KUALA LUMPUR, Malaysia — Amnesty International is calling on Malaysia to halt the practice of judicial caning, a punishment the rights group says amounts to torture and violates international law.
In a report to be released on Monday, Amnesty says that the number of offenses subject to caning under Malaysian criminal law has increased to more than 60 in recent years.
“Caning in Malaysia has hit epidemic proportions,” Sam Zarifi, Amnesty International’s Asia-Pacific director, said in a statement.
Based on interviews with 57 people, including drug users, Burmese refugees and Indonesian migrant workers, the report found that some inmates had been left with permanent scars and physical disabilities after being hit with the meter-long cane used in Malaysian prisons.
“The pain inflicted by caning is so severe that victims often lose consciousness,” states the report.
In what it calls a “rough estimate,” Amnesty claims that as many as 10,000 people are caned each year in Malaysia, many of them foreigners who violate immigration laws. That estimate is based on “statistical sampling” compiled by Amnesty through interviews with prisoners, the report states.
The group did not investigate caning carried out under Shariah, or Islamic law, which only covers Muslims, who make up 60 percent of Malaysia’s population.
In neighboring Singapore, where about 30 offenses are punishable by caning, 6,404 men were sentenced to be caned in 2007, according to the U.S. State Department.
The Amnesty report found that the number of people caned under Malaysian criminal law has increased since 2002, when the government made more immigration offenses, like illegal entry, punishable by caning.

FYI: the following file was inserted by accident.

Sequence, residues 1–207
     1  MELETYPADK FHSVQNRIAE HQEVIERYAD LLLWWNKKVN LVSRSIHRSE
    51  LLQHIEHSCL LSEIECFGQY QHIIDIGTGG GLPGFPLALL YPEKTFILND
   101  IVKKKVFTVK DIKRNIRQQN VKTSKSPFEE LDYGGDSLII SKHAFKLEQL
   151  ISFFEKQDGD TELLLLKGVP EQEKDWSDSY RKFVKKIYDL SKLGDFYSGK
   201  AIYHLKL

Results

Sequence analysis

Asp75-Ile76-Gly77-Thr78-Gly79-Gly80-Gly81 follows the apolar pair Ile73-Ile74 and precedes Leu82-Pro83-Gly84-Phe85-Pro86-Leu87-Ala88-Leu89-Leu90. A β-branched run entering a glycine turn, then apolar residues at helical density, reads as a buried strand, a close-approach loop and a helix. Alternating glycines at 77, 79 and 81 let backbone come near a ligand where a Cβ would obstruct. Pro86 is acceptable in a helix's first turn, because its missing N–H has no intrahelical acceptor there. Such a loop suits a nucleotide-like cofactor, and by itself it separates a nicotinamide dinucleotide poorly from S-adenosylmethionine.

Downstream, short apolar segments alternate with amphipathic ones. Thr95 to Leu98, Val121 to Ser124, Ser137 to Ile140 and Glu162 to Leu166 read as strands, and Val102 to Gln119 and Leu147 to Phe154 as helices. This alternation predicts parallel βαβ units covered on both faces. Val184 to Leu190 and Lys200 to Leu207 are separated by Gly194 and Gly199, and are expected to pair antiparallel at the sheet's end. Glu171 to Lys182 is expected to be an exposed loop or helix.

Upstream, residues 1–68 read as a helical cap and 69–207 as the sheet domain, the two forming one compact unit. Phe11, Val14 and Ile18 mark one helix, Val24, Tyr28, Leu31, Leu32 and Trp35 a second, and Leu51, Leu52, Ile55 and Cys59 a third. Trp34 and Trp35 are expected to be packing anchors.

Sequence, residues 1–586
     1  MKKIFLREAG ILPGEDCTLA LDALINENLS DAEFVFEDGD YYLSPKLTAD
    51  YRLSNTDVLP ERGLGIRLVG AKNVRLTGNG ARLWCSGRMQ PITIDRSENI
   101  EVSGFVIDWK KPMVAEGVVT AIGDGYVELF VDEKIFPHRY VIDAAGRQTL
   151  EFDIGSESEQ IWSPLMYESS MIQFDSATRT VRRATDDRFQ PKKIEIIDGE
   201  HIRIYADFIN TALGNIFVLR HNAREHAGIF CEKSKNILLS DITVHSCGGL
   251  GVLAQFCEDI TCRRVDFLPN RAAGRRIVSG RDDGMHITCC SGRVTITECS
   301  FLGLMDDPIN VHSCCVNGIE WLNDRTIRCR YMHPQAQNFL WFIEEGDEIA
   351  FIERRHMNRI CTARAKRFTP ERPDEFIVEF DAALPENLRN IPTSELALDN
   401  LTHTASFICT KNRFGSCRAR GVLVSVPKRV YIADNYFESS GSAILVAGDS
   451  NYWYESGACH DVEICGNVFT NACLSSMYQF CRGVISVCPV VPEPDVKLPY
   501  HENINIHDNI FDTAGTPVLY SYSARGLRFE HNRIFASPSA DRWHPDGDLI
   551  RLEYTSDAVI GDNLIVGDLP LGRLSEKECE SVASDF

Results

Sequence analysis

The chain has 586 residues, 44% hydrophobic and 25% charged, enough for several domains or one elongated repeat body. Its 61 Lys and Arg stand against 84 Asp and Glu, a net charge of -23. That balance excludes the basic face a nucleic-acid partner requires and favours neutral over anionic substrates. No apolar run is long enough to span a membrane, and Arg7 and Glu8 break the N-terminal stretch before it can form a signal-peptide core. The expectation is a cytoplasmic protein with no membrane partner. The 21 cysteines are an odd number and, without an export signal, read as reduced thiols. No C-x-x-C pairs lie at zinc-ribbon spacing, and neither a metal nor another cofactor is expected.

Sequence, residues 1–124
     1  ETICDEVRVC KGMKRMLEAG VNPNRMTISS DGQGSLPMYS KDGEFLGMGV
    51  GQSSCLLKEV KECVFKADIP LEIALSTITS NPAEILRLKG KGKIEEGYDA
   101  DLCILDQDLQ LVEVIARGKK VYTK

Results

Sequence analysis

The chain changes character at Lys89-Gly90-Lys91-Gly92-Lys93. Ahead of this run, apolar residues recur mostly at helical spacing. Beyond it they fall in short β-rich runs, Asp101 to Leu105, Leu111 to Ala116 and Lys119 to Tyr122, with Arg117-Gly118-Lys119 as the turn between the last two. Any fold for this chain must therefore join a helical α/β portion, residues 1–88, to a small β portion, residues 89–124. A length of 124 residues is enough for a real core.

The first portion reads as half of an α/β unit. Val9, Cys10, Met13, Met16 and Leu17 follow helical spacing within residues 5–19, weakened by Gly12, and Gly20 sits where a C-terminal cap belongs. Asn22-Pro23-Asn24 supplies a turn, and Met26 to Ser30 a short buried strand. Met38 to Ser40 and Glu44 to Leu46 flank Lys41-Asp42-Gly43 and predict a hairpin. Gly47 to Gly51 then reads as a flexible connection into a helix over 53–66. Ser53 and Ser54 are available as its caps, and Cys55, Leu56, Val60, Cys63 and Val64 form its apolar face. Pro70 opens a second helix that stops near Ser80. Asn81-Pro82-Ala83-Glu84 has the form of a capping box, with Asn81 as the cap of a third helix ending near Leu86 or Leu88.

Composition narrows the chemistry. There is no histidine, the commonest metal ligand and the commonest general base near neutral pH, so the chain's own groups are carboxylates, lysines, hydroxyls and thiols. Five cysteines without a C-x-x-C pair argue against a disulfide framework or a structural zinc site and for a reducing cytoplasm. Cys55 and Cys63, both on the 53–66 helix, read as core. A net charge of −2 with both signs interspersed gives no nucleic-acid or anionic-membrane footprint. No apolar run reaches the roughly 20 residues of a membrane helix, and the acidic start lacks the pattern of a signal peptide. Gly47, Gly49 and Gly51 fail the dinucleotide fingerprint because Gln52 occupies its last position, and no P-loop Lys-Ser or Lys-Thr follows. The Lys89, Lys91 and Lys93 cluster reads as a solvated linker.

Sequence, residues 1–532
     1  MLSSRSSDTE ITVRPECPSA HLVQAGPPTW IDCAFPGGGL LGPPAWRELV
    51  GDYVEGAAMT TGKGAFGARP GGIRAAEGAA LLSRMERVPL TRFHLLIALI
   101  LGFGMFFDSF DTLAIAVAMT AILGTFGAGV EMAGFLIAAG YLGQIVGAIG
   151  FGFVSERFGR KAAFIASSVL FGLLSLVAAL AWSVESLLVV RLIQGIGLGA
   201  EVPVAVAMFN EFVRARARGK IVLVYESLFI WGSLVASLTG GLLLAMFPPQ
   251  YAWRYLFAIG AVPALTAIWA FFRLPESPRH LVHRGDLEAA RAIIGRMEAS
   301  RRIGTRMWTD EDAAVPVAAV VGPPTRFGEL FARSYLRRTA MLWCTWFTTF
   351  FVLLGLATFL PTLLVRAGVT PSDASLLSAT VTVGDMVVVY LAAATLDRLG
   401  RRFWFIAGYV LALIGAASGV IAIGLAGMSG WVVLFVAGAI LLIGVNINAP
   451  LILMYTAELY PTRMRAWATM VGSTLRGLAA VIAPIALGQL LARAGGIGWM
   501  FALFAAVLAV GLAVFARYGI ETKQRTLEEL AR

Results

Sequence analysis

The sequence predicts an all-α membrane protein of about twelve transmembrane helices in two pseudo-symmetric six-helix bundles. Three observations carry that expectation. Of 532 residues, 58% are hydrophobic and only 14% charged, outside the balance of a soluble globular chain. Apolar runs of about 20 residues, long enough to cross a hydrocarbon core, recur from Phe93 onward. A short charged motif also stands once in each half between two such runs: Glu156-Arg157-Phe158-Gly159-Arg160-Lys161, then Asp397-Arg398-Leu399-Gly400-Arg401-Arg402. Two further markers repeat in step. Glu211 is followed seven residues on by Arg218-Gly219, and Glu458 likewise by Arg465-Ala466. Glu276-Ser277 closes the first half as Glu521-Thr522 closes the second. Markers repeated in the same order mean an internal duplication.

A refugee from Myanmar, who was sentenced to three months in prison and two strokes of the cane after being found guilty of entering Malaysia illegally, said he was left bleeding and could not sit down for three weeks after he was caned on the buttocks last year.
In an interview in Kuala Lumpur, the man, who did not want to be identified because of fears for his family’s safety in Myanmar, described how he was taken from a detention center to a nearby prison. He waited in a hall with about 70 other men until his name was called.
“We could hear them screaming. When they came out they were very weak,” he said of the prisoners caned before him. “When my name was called, I was very afraid.”
The man, aged 28, said he had to strip off his clothes, and his hands were tied to a bar. He believed he blacked out for a couple of minutes after the second stroke. “I cannot describe how painful it was,” he said.
The man has since been granted refugee status by the United Nations High Commissioner for Refugees.
He is awaiting resettlement in another country, and said he had been shocked to discover that Malaysia practiced caning.
“I feel that Malaysia is a democratic country and they have better human rights compared to Burma. In this kind of country, they should not have this kind of punishment,” he said.
A statement issued by the prime minister’s office said that the government could not comment on the accuracy of the report because it had not had adequate time to review its findings.
“Caning sentences are carried out in Malaysia, as they are in other countries, in connection with serious offenses, including violent crimes, rape and drug trafficking,” the statement said. “These judicial canings are sentenced, alongside prison terms, at the discretion of the presiding judge.”
Malaysia restricts caning to men aged 18 to 50, although men older than 50 may be caned for sexual offenses. Women are only subject to caning under Shariah.
“We regularly review our criminal justice system practices to ensure that punishments are effective and fit the crime,” the statement said.
The Amnesty report states that prison officers were paid bonuses to carry out caning and that some officers took bribes to intentionally “miss strokes.”
Amnesty argues that doctors involved in the process — who certify prisoners as being eligible for caning and resuscitate them if they lose consciousness — are violating medical ethics.
In calling on the government to abolish the practice, the report states that “caning violates the absolute prohibition against torture and ill-treatment under international law.”
Source : www.nytimes.com